Quoting a live incident from UM Healthcare Trust

a) Recently UM Healthcare Team’s photographer took a few photographs of the children, patients of Zahidabad district. The team decided to develop these photo shoots and put them on the Notice Board of UM Healthcare Trust Hospital in order to bring colour to the place and catch attention of the patients waiting for their turn. However People of Zahidabad on seeing these pictures got so enthralled, elated and excited that they started taking off these pictures saying:

“This is my daughter’s picture hanging there on the wall. She is looking wonderful. Can I please take it off and show it to my wife and hang it on my wall? I have never seen a printed picture of my child before” - Patient at UM Trust

Female patients and children waiting for their turn for medical checkup

Female patients and children waiting for their turn for medical checkup

Encountering such innocent requests leaves a person numb, as to in today’s fast pace world, there still live a few who get to see their family’s footage for the first time and for them it counts no less than a miracle because they are so poor they can’t think of anything else except struggling for their life to keep their families alive. In short their pockets do not allow them to keep a camera and relive memories. Thus coming across such joy for UM Team serves as chance because not every day such awe-moments take place scoring a win-win. They were allowed to take off as many pictures as they desired.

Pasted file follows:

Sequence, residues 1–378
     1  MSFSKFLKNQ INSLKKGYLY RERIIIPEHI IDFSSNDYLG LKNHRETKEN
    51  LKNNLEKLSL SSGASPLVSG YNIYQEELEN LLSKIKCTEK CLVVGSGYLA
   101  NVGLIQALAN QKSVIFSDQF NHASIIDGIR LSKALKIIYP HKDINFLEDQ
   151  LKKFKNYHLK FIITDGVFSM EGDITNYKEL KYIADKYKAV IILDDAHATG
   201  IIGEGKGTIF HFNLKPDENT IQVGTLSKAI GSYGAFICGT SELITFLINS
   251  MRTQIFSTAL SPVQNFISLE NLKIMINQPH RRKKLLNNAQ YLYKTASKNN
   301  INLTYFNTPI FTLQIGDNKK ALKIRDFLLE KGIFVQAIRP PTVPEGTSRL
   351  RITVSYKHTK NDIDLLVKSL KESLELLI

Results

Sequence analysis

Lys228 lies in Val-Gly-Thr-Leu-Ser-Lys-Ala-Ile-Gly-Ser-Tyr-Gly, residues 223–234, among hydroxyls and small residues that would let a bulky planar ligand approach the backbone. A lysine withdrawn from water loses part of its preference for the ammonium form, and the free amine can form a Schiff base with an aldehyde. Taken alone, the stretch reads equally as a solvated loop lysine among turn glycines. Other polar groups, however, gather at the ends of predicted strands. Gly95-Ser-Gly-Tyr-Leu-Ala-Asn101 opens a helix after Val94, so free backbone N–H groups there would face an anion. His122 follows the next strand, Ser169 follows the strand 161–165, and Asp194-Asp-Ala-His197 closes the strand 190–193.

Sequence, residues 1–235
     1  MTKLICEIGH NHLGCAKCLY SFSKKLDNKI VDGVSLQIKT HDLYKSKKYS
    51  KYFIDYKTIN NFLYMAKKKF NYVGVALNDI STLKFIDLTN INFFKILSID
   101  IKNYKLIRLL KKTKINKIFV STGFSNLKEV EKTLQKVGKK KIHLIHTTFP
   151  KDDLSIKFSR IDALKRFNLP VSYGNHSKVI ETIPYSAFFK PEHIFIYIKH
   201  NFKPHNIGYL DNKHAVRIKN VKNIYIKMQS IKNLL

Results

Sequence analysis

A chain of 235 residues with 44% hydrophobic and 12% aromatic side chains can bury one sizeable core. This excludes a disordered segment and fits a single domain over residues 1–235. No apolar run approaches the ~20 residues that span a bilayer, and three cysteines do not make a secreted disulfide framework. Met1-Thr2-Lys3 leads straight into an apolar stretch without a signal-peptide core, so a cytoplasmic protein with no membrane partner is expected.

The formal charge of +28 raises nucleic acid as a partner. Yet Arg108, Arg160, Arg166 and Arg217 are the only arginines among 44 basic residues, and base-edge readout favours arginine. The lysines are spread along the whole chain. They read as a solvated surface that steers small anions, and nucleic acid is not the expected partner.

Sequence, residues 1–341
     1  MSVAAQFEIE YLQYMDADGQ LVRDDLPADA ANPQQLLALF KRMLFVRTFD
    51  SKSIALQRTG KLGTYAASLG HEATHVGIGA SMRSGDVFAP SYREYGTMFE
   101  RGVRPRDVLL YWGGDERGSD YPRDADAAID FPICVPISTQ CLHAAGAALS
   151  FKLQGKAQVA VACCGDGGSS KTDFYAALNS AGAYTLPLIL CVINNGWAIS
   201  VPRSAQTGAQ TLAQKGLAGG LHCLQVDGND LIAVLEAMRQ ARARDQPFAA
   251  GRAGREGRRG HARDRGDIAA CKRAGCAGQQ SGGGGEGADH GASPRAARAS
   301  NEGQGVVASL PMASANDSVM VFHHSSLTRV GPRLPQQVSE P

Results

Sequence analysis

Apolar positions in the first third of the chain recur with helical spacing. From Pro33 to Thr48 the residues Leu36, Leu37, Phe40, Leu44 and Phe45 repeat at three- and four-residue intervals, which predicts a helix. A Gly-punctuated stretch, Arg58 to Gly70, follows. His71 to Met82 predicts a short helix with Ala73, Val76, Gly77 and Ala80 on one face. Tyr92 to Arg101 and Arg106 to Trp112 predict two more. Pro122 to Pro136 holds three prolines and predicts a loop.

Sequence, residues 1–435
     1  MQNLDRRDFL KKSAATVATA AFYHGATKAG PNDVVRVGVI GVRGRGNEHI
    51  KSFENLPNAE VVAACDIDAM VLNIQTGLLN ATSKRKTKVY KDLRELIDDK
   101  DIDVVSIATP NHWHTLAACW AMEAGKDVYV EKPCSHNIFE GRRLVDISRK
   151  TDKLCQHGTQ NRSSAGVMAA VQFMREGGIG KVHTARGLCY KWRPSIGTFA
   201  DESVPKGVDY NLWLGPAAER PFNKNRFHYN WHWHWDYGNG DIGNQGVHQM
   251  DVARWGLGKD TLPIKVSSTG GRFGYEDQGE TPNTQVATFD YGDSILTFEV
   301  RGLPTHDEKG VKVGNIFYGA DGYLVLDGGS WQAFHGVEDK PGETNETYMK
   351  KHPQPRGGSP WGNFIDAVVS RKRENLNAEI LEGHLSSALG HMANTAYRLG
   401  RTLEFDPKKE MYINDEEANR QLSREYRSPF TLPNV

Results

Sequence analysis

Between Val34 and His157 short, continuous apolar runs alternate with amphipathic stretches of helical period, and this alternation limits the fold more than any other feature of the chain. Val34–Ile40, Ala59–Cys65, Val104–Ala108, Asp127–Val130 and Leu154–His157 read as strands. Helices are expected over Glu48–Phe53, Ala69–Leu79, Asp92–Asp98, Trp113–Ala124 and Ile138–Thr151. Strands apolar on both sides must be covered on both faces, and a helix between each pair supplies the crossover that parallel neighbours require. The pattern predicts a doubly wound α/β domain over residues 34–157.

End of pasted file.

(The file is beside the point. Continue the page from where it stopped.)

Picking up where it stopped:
b) Similarly once a female patient was having a very common disease i.e. Temperature. She came to the hospital for the very first time. She was treated well and was given the required medicines to heal up soon. The next day she came to the hospital again, this time feeling very energetic, excited and happy, demanding to see the doctor who checked her. On meeting the doctor she told him that she has brought a gift for him. The doctor of course got worried and told her that madam there is no concept of accepting bribes; it’s inappropriate and not appreciated. The woman demanded that she has to give it to him as he had saved her life. The women when opened her tightly curled hands, presented the doctor with an Egg, saying